The continuing depletion of the earth’s energy sources has raised everyone’s consciousness to a level where more people worldwide are now paying attention to the importance of green living. Homeowners all over the country are finally pro-actively “doing their part” to preserve the environment—and they’re starting with their own homes.
Many are opting to have their windows changed, for one thing. The windows available on the market today are no longer limited to the old models that often used to let drafts in or allowed the sun’s damaging rays to enter a home unfiltered. New window innovations continue to improve on energy performance, and regulatory (albeit voluntary) organizations now oversee these products. Some of these include:
- ENERGY STAR. Created by the Environmental Protection Agency, ENERGY STAR is a voluntary program that labels energy efficient products, homes, and businesses. When you choose energy efficient windows, make sure they’re labeled ENERGY STAR.
- National Fenestration Rating Council. The NFRC is a non-profit organization that conducts independent testing and rating of fenestration products, including windows. The NFRC findings are the basis upon which ENERGY STAR awards labels.
The truth is, most consumers, while they DO care for environment, don’t really understand exactly what the windows are being labelled and tested for. Many still ask the question: What exactly am I getting when I buy energy efficient windows? Here are some things you’d probably be interested to know:
Heat control. Heat transfers through windows by way of conduction, convection, and radiation. Energy efficient windows are designed to limit the potential of unwanted heat gain or loss, which can be measured through these two values:
- U-factor. U-factor is the measure of heat loss through the window; the lower the number, the better the window’s insulating properties. Low U-factors are ideal for warm climates.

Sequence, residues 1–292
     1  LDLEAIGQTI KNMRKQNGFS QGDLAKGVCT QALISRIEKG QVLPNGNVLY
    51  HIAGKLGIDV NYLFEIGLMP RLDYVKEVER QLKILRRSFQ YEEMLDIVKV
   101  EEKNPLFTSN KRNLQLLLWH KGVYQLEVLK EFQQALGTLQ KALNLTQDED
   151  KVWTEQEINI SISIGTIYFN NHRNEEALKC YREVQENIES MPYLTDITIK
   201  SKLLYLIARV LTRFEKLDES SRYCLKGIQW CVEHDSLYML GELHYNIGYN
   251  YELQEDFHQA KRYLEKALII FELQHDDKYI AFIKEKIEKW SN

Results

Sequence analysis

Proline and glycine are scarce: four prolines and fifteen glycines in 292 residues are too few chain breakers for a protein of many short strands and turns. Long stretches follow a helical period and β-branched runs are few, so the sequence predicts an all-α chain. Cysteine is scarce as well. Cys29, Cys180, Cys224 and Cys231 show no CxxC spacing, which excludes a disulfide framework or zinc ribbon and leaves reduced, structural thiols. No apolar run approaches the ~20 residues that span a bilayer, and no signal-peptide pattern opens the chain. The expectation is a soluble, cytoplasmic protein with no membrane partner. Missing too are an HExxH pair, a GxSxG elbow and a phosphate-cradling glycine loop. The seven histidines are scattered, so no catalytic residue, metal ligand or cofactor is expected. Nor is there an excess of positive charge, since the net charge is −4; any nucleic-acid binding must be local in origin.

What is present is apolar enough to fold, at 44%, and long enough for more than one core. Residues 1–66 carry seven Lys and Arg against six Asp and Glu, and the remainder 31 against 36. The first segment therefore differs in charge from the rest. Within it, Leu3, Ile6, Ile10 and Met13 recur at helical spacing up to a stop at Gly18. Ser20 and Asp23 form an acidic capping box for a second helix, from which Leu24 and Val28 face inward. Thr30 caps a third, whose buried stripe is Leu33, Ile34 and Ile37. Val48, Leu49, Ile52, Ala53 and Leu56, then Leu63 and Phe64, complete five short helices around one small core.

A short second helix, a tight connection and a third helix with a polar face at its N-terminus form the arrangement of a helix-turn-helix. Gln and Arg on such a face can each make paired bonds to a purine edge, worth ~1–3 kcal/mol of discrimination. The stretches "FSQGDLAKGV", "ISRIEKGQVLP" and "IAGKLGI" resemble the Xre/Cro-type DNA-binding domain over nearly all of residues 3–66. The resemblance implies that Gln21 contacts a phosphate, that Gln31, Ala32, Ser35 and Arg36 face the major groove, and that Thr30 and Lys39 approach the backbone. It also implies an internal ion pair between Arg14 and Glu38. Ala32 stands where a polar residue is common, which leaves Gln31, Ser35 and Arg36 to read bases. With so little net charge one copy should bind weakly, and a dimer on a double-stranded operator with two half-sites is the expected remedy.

- Solar heat gain coefficient (SHGC). SHGC measures the heat admitted and radiated into the interior of the home, expressed in values between 0 and 1. Lower SHGCs mean lower amounts of transmitted heat.
Daylighting. One of the main purposes of windows is to provide daylight, which reduces the need to use mechanical systems. Visible transmittance (VT) measures the amount of visible light that passes through the windows. High VTs mean more daylight.
Ventilation. Ventilation, too, is a primary function of windows – but, with older windows, the home’s ventilation requirements can very easily turn into a liability, as air leakage is common. Air leakage (AL) measures the cubic feet of air that leaks through the window; lower ALs mean less air leaking.
Condensation resistance. How well a window unit resists the formation of condensation is expressed through condensation resistance or CR. Higher CRs equal higher resistance. When shopping for energy efficient windows, you may come across products that do not have this rating, as it is optional.
An energy efficient window system is not just about choosing the right glazing or framing material, however. You can improve your windows’ thermal performance by considering these tips:
- Install window treatments. Drapes, shutters, awnings, and other window treatments can help reduce glare on hot summer days, as well as keep the rain out when the weather turns sour. In addition, they can supplement the protection of your interior decorations and furniture.
- Choose the right contractor. Energy efficient windows perform best when properly installed, and a good contractor can make a big difference towards ensuring that you are able to maximize your savings and benefits. In addition, state and local building codes have to be followed during the process – something that a licensed window contractor knows is of utmost importance.
Sam Heer is President and owner of Renewal by Andersen of Central Illinois. Over the past 18 years, he’s worked closely with well-known retailers and industrial suppliers, among them Home Depot, Ace Hardware, Sears, and Grainger. He initially joined the Renewal by Andersen team as General Manager in 2003, then moved on to become VP of Sales at Prairie Home Alliance (one of the largest home improvement contractors in the state of Illinois) from 2009-2013. A well-respected civic and community leader, Sam is trustee and Board member of several notable organizations in Morton, Illinois. Read more of his blogs on the company’s website.